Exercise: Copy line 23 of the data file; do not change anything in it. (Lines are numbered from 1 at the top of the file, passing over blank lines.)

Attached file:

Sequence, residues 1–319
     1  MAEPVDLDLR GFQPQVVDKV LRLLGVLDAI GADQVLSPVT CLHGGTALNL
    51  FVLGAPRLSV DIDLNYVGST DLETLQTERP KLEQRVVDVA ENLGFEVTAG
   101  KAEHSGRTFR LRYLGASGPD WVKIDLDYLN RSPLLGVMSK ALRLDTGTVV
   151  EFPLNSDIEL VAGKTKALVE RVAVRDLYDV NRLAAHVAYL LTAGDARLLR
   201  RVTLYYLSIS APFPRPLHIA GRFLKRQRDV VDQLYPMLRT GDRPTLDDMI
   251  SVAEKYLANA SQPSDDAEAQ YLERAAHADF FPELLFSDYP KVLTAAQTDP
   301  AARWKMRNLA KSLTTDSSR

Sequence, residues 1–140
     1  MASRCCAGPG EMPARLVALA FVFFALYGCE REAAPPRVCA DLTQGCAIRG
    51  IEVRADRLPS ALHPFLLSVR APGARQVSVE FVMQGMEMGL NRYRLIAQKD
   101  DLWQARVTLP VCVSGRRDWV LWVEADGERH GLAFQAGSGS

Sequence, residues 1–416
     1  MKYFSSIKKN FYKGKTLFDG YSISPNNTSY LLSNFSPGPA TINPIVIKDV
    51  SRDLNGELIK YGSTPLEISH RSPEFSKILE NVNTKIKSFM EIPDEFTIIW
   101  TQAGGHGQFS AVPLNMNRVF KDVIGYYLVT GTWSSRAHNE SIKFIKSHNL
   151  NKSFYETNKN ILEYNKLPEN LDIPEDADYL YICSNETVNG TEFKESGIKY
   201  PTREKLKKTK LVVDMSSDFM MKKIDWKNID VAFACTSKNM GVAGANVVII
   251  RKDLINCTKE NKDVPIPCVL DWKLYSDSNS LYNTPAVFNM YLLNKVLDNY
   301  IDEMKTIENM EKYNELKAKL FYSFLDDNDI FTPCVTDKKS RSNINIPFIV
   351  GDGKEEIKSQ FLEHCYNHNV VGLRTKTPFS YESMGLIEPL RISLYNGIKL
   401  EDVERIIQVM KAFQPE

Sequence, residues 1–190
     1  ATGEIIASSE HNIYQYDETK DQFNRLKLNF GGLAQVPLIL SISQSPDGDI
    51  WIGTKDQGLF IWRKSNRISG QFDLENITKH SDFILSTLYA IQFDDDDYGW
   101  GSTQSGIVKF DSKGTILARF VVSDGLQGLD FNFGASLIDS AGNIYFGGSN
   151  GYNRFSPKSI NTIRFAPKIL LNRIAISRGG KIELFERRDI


Sequence, residues 1–190